In our being, we are inexorably intertwined with different facets of life: from cloud nine and love to trouble and decease. While all facets of life can be experienced and expressed by us, decease can non be ; nevertheless, we can be certain that decease is inevitable. It is the puzzling elements of decease which is responsible for its popularity among literature. Many have chosen to research decease in, arguably the most expressive signifier of literature, poesy ; Wiswala Szymborska and Rainer Maria Rilke are two poets who have explored the inevitableness of decease in the two verse forms ‘The End and the Beginning ‘ ( 1993 ) and ‘The Song of the Widow ‘ ( 1894 ) severally. The discussed subjects include the significance of the rubrics, impacts of decease on persons and societies, the character ‘ and poets ‘ emotional response to decease, function of clip in decease ‘s attack and finally, the objectiveness and subjectiveness of the two verse forms.
Both Szymborska and Rilke focal point on the inevitableness of decease instantly in the rubrics, doing them prodigious. Although the poets ‘ usage of sentence structure and enunciation contrasts, they both aim to put a negative ambiance to prosecute the reader. The downrightness of the rubric ‘The Song of the Widow ‘ efficaciously communicates the overview of the verse form, presenting decease clearly. The enunciation of “ vocal ” straight refers to a lyrical and affectional composing, leting the reader to easy hold on the signifier of poesy and the word picture of “ widow ” AIDSs in puting a cheerless temper as it connotes grief and lament the character over her asleep hubby. Contrastingly, Szymborska applies peculiar sentence structure to add ambiguity to the rubric: the uncertainness of exactly what “ terminal ” and “ get downing ” refers to physiques suspense because the reader is unable to spot the result of the verse form. Indeed, the enunciation of “ terminal ” implies decease and hence creates a melancholy ambiance ; the sentence structure of “ terminal ” predating “ get downing ” could bespeak the laterality of decease. Subversively, Szymborska ‘s usage of ambiguity in the rubric may mirror the obscureness of decease ‘s attack, enforcing an baleful feeling on the reader.
Although decease ‘s attack might be vague, their impacts are however familiar: in ‘The Song of the Widow ‘ , its effects on persons are focused on whereas in ‘The End and the Beginning ‘ , the impacts on societies are dealt with. Szymborska applies the initial rhyme of degree Celsius to repeat the destructive sound of “ carts loaded with cadavers ” against “ rubble ” ; this metaphor represents the inevitable decease of substructures caused by wars. The usage of the exaggeration “ laden ” accents the cheerless imagination of the huge graduated table of deceases involved. The “ carts ” may metaphorically represent how the beginnings of wars get ‘transported ‘ off and disregarded fast ; Szymborska is basically exemplifying our ignorance on the root jobs of struggles and deceases through this verse form. Similarly, Rilke uses dental initial rhyme to uncover the impacts of the decease of the character ‘s hubby. The character is metaphorically “ day-to-day diminishing ” , connoting how her verve is being seeped continuously. The exposure of the character is accentuated by initiating “ destiny ” as it “ gave [ her ] up ” and “ ‘left [ her ] standing ” . The inactive voice and incapacitated tone serves to convey the domination of “ destiny ” over the character ‘s life ; it could be argued that Rilke focuses on the supernatural characteristic of “ destiny ” to reenforce his rigorous dissension against metaphysical naturalism, which states that[ 1 ]all basic truths are truths of nature. Rilke believes that[ 2 ]worlds are lone witnesss of life and there are other forces apart from nature which exist in our lives.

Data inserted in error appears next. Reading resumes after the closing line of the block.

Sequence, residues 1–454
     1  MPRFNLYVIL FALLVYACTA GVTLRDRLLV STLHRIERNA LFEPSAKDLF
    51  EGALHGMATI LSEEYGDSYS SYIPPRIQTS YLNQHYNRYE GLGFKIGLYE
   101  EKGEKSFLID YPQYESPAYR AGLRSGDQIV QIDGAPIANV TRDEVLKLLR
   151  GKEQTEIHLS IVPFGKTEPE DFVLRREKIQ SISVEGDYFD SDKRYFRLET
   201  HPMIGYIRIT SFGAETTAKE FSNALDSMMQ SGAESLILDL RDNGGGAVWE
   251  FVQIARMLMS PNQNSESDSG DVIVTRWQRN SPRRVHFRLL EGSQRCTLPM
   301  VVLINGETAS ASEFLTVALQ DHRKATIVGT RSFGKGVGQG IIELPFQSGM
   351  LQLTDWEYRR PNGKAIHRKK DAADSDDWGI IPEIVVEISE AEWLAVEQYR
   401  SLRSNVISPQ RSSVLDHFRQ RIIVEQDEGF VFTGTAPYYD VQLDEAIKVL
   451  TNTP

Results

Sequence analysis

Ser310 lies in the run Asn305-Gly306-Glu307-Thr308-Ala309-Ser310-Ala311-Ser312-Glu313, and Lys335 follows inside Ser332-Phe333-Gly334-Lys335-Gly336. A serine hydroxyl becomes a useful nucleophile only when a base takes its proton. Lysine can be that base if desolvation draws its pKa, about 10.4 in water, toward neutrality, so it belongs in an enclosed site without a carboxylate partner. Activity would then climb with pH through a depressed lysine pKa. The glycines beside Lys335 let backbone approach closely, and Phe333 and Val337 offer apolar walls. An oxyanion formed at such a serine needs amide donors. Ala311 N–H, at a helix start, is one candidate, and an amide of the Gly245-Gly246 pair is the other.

In reaction to the impacts the inevitableness of decease brings, emotions seem to be important in ‘The Song of the Widow ‘ but non in ‘The End and the Beginning ‘ . The deficiency of emotions witnessed in ‘The End and the Beginning ‘ is accented by the situational sarcasm of depicting this war as “ a small drilling ” , making a blunt atmosphere and demonstrates the rough world of deceases and their reverberations without the prejudice intervention of emotions. Furthermore, this austere tone may be used to copy the soldiers ‘ Stoic nature, being highly submissive to their generals and killing heartlessly. Conversely, affecting enunciations “ arrant misery ” , “ hurting ” and “ cryings ” in ‘The Song of the Widow ‘ speech patterns the character ‘s mental response to decease ‘s impacts. This misanthropic tone is reinforced by the common use of negative enunciations, including the three “ no more good, no more new, no more fantastic ” , to reflect the character ‘s pessimistic mentality on life.